*One of the dogs with sniffing sense
(Inset) Capt. Nneka Olimma-Osakwe
Air Force dog, Jony, serving with the 20th Security Forces Squadron, has retired after nine years, or 68 dog years, of distinguished service, the U.S. Department of Defence has said.
Pentagon, in a statement, said Jony retired due to a compressed disc in his spine, and has been permanently put in the hands of its handler, Air Force Staff Sergeant Anthony Despins, a military working dog handler, who met Jony as his first canine partner in 2012.
“Together, the two used their individual skill sets to make a formidable team, eventually becoming certified as an explosives detection and patrol unit to keep people around the world safe and their fellow airmen out of harm’s way,”
Pentagon said. Pentagon quoted Despins as saying that “Jony was really excited, always happy to see people and very energetic.
“Even back then, Jony knew what was expected of him and how to do his job.
“Jony’s performance during his initial training determined what certifications he received; military working dogs can receive narcotics and explosives credentials as well as certification as a patrol dog.
“All their physical traits: their sight, their hearing, their nose, their speed, their teeth, dogs bring so much to the table – things we can’t do and the equipment we’re provided can’t do.
“Although the physical traits are necessary for success, it takes more than just advanced senses for a dog to pass initial training.
“They must be able to listen to commands. If they can’t do that they’ll automatically be disqualified. Some dogs just don’t have the drive.”
According to Pentagon, after Despins, Jony served with five other handlers, including Air Force Sgt. Kevin Davis Jr., and the pair were deployed to Afghanistan together in 2013. The Pentagon described Jony’s period with the military as a “distinguished service”.
“During one of his deployments, Jony went on more than 60 missions in support of Operation Enduring Freedom, finding six explosives and enduring five firefights.
“Jony also went on seven explosive detection missions with the Secret Service in support of the president and vice president of the United States.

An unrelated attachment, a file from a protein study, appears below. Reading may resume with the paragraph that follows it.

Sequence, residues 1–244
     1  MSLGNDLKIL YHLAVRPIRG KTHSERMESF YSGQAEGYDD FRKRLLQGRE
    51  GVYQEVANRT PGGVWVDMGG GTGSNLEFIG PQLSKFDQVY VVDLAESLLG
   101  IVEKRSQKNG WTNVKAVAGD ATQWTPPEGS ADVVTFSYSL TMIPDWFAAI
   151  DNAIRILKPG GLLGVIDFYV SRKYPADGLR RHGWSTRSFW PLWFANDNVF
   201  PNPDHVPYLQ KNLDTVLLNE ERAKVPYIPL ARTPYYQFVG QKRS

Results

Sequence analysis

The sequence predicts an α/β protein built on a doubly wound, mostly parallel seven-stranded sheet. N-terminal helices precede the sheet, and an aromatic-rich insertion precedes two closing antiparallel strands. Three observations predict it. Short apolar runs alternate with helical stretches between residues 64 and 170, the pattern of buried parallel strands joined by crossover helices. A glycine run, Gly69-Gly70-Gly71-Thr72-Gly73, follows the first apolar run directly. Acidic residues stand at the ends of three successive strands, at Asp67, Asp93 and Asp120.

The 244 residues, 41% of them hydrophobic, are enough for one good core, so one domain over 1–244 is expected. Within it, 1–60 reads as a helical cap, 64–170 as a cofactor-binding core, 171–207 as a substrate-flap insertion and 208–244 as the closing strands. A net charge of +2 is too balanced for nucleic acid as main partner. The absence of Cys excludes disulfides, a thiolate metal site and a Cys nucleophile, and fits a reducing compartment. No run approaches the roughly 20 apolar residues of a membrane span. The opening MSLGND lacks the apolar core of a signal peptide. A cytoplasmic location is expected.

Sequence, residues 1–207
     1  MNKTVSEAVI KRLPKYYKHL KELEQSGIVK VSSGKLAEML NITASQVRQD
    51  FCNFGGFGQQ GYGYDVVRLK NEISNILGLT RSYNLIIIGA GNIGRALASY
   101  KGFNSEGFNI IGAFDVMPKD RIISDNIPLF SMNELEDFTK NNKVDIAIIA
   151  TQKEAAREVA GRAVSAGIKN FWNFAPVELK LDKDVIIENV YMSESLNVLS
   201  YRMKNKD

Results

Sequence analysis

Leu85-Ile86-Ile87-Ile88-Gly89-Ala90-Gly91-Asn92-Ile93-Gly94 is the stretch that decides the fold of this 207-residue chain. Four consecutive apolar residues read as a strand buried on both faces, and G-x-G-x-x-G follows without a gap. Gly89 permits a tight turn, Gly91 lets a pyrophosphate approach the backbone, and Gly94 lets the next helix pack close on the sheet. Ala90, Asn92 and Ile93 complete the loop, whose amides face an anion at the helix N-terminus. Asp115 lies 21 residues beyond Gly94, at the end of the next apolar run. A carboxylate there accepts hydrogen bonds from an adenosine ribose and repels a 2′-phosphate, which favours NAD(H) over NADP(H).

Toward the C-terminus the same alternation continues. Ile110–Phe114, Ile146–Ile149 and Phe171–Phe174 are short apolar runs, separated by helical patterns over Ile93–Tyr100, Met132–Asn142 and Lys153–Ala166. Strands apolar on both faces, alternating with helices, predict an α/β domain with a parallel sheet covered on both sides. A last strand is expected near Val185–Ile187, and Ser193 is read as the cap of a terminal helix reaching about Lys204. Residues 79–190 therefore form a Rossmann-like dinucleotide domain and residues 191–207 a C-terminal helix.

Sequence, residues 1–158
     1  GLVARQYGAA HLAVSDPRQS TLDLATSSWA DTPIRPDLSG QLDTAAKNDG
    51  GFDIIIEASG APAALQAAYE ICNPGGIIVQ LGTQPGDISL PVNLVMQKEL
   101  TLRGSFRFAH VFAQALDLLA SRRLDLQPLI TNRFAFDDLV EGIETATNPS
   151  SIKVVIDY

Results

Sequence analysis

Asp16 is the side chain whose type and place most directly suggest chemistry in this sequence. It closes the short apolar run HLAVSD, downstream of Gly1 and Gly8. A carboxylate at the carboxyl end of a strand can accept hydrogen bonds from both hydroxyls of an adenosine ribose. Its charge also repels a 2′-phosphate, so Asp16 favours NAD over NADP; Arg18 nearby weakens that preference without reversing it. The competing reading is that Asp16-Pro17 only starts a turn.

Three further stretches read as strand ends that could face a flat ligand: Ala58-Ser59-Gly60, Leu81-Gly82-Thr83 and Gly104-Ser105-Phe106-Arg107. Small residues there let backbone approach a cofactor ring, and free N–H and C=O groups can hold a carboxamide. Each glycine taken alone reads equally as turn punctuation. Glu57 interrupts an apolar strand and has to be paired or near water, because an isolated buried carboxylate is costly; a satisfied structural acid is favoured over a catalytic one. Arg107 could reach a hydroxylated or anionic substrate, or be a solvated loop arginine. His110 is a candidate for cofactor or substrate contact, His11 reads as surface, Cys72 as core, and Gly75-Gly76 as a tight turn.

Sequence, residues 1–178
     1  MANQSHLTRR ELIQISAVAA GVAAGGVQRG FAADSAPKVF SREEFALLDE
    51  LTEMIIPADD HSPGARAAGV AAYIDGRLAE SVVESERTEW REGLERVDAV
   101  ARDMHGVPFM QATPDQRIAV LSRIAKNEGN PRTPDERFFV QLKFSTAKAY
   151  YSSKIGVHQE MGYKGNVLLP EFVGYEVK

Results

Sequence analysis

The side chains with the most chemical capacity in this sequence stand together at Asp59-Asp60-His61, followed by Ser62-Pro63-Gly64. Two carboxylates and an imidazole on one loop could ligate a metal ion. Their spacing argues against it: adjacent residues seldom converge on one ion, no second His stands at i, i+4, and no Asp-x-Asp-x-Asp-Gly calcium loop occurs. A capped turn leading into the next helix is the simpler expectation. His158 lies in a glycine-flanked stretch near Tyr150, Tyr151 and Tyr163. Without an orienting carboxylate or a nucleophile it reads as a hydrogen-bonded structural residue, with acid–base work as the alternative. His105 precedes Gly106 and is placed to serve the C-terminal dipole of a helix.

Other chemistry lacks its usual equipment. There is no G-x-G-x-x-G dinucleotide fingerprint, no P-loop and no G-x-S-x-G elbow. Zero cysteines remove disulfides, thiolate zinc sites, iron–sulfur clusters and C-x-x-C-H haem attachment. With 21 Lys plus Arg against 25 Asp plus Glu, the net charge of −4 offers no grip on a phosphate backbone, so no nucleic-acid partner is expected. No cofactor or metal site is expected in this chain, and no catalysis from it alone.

“Thanks to Jony’s acute sense of smell, Davis and his team were able to come back home to their families.”
According to Davis, the unwavering faith between military working dogs and handlers is not left behind on the battlefield.
“They’re wingmen. Not only are they there through the thick and thin, the good times and the bad times, they’re there to protect and they’re there to watch out for you,” he said.
According to Davis, the bond is incomparable to any other.
“You can create a facade as you’re going through your day to day. However the dog knows; they know when something’s not right or if you feel down or depressed and are just trying to keep a straight face,” Davis said.
Air Force Staff Sergeant Robert Coughlin, another military working dogs handler with the Squadron, said: “Dogs would sacrifice and do anything for their handler.
“It doesn’t matter what it is. They have no fear of what they go into as far as the danger.” Pentagon said Air Force Staff Sergeant Kathryn McCarthy, also a military working dogs handler, read a poem titled “Guardians of the Night,” dedicated to military working dogs and their service, and traditionally read at their retirement ceremonies, in honour of Jony.
At his pulling out ceremony, Pentagon said the sun was rising as Jony took his “last ride” in a patrol truck around the kennel, allowing him to say goodbye to his family of handlers, fellow military working dogs and the base he has worked hard to protect.
“Friends, family and those who may have only known Jony through his acts of courage gathered to commemorate nine years, or 68 dog years, of distinguished service.
“Jony barks throughout the ceremony, joining the crowd in celebration of his accomplishments.
“Like so many airmen before him, Jony receives a retirement pin to symbolise his transition from an active-duty service member to retiree.
“Unlike most airmen, Jony is also presented with a bone to symbolize his transition from the kennel to the couch, reclaiming his place at the side of an old familiar friend.
“After nine years of service alongside several partners, Jony’s leash is relinquished and permanently put in Despins hands, and together the two go home,” Pentagon said.
According to Despins, Jony is more than a dog.
“I don’t look at Jony as a pet or as an animal. I look at him as more than that. He’s like my best friend, even though he can’t talk back,” Despins said.